Tom Hawkins celebrates his first-quarter goal in the 2022 Grand Final against Sydney. Picture: AFL Photos

TOM HAWKINS has turned Grand Finals before, but never like this.

A fresh-faced young pup when he enjoyed decisive late moments to swing Grand Finals Geelong's way more than a decade ago, the seasoned veteran grabbed Saturday's decider by the scruff of its neck from the outset instead.

The first two goals of a Grand Final might otherwise seem too soon to be predicted as the most influential moments of the year's biggest game. But on Saturday, they had immediately felt like the tone-setters.

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Hawkins, outmuscling Sydney's No.1 ruckman Tom Hickey from a boundary throw-in, grabbing the ball from the source, sticking it towards his boot and watching it sail through for a crucial goal.

If the first time he did it appeared a danger moment for the Swans, the second time he repeated the trick – just five minutes later – induced an immediate feeling of angst among those in red and white. This just wasn't going their way.


Although he is now a master of the art, the act of changing the forward-ruck role for the better wasn't necessarily intended. Rather, Hawkins only began practicing the unique craft as he looked to further develop other skills of his game.

"I don't ever really practise it," Hawkins told from the victorious rooms.

"I'll tell you where I did practise it. I practised the art of ruck work back in 2010 and 2011, when I was finding my way in my football journey. I learnt a lot of things about the craft of ruck work, but also ultimately as a forward.

"I get the licence to be able to have a go. My coaches give me that and my teammates support me. They don't always work. Sometimes, when they come off, they do look go. But there's many that don't. Today, we got a couple of early ones. It was brilliant."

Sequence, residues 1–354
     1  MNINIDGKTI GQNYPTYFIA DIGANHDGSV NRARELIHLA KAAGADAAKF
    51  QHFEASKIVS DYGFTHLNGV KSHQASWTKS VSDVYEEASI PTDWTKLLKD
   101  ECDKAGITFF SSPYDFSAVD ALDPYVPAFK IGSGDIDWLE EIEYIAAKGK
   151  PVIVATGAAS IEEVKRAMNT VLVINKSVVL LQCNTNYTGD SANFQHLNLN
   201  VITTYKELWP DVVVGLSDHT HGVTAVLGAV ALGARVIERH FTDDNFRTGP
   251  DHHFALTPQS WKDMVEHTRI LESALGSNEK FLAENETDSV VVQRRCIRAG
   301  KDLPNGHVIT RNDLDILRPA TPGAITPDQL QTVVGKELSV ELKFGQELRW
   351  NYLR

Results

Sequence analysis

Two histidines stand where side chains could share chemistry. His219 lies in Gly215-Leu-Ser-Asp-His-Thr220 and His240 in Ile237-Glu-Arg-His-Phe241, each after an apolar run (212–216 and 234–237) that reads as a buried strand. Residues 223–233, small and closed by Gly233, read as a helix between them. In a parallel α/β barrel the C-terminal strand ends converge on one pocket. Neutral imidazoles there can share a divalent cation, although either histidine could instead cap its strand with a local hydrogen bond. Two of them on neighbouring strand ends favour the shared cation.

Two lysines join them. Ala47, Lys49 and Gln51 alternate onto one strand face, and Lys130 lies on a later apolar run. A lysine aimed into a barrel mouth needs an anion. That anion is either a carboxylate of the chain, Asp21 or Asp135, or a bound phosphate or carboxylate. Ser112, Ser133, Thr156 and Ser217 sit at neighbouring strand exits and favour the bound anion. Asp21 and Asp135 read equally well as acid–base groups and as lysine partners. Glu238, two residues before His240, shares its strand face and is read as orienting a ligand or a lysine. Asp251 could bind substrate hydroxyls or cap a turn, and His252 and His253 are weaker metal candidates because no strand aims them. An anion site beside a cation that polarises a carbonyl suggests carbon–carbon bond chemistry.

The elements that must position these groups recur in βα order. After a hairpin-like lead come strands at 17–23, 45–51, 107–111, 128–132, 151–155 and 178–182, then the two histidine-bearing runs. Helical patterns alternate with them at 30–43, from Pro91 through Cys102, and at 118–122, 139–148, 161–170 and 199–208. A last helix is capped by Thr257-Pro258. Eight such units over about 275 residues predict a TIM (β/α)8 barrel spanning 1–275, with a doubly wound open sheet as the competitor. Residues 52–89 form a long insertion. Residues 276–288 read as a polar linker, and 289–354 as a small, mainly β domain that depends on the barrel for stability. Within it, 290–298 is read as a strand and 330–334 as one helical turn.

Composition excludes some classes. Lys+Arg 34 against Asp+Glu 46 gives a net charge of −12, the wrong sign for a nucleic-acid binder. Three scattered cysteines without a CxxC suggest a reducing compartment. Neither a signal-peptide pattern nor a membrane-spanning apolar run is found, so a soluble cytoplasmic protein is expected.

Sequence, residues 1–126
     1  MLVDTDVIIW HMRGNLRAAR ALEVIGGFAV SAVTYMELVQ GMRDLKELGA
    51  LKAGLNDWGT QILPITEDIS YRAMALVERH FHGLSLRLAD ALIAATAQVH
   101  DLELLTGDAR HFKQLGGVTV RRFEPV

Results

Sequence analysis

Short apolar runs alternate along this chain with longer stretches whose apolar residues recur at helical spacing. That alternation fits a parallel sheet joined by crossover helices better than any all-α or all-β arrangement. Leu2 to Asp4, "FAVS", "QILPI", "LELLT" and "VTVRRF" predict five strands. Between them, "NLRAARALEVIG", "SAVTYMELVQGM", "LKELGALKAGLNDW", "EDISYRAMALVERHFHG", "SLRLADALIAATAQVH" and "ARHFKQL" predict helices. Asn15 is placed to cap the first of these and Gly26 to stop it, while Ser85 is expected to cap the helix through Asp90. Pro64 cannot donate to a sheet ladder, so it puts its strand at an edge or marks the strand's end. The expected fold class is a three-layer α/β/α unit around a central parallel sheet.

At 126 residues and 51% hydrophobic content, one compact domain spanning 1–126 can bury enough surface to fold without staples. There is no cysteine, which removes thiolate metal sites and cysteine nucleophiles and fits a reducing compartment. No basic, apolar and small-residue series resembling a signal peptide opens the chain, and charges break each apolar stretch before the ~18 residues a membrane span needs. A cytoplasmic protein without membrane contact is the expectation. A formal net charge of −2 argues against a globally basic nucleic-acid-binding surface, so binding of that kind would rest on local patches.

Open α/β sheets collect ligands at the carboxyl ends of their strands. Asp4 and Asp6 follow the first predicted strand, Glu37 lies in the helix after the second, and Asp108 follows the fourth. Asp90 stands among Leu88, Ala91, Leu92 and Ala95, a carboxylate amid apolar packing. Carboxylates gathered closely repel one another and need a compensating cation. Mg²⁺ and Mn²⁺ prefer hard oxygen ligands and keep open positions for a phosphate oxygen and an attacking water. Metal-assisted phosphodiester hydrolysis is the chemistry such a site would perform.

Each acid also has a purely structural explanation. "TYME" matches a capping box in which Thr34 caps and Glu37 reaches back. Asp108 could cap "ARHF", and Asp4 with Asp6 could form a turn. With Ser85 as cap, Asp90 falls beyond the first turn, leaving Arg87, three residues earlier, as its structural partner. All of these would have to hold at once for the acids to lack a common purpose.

Tom Hawkins celebrates with Geelong fans after the Cats' win in the 2022 Grand Final against Sydney. Picture: AFL Photos

Hawkins' goals set the platform an epic Grand Final belting that had many asking whether Robbie Williams could return for a quarter-time encore. Geelong led by 35 points by the first change, and powered to a comfortable 81-point win by full-time.

Having turned 34 earlier this year, Hawkins in many ways embodied Geelong's premiership campaign. The Cats, on Saturday, were the oldest VFL/AFL side in history – Grand Final or otherwise – and yet it hardly mattered.

Just like they were back in 2011, when Hawkins was playing in just his 79th game, the Cats were too old, too slow and too good. In his 327th match, more than a decade on, history was repeating.

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Back then, Hawkins kicked three goals in a pivotal third-quarter performance to help overpower Collingwood. In 2009, playing in his first Grand Final, he had kicked the first goal of the final term to help get the edge over St Kilda.

This time, he was determined not to leave his heroics too late. His opening majors lit the flame for a first-quarter performance where Geelong had 11 scoring shots, putting his side into a lead worth almost six goals.

Tom Hawkins celebrates a goal in the first quarter of the 2022 Grand Final between Geelong and Sydney. Picture: AFL Photos

The Cats, having led by only a kick just minutes before, then piled on four goals in the space of eight minutes and 40 seconds. It was significant in helping carve open the biggest quarter-time lead in a Grand Final since 1989.

Hawthorn, who led Geelong by 40 points in that classic, held on to win by only six. But if the Cats were worried about a similar turnaround in 2022, a six-goal-to-none burst in an overwhelmingly one-sided third quarter put an end to any doubts.

Hawkins, by that stage, had already added his third major. His supposedly 'weathered' teammates – including 33-year-old Norm Smith Medal winner Isaac Smith, and 34-year-old captain Joel Selwood – were doing the damage by that point.


The job of Hawkins was already done. His opening two goals had put Geelong on a tear that saw it lead the disposal count by 46 at quarter-time, the marks by 22, the clearances by three, the contested ball by 19 and the inside-50s by 12.

The Cats' 16th straight victory this season was the sweetest of them all, handing them a fourth premiership from their sixth Grand Final in 16 years. It was just reward for a period of dominance where they had secured 13 top-four finishes and 15 finals appearances in that same stretch.

Hawkins, for the most part, has been an influential figure in each of those dominant Geelong teams. His place in club folklore has been punctuated by goals, but littered with selfless and team-first acts as well.

He has also reinvented forward-half ruck craft throughout the latter stages of his remarkable career. The best in the business at pulling the ball from the air in attack, it was therefore fitting Saturday's Grand Final was defined by such Hawkins brilliance.